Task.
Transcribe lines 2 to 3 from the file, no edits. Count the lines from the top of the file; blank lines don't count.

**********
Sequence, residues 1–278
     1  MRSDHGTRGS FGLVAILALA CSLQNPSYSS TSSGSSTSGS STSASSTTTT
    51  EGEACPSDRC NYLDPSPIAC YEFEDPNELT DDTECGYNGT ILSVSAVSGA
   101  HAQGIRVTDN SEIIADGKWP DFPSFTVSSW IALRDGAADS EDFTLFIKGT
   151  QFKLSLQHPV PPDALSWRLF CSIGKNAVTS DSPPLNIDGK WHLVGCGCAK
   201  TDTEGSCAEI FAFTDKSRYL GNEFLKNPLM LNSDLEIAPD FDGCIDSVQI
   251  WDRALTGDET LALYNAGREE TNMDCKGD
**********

     1  MRSDHGTRGS FGLVAILALA CSLQNPSYSS TSSGSSTSGS STSASSTTTT
    51  EGEACPSDRC NYLDPSPIAC YEFEDPNELT DDTECGYNGT ILSVSAVSGA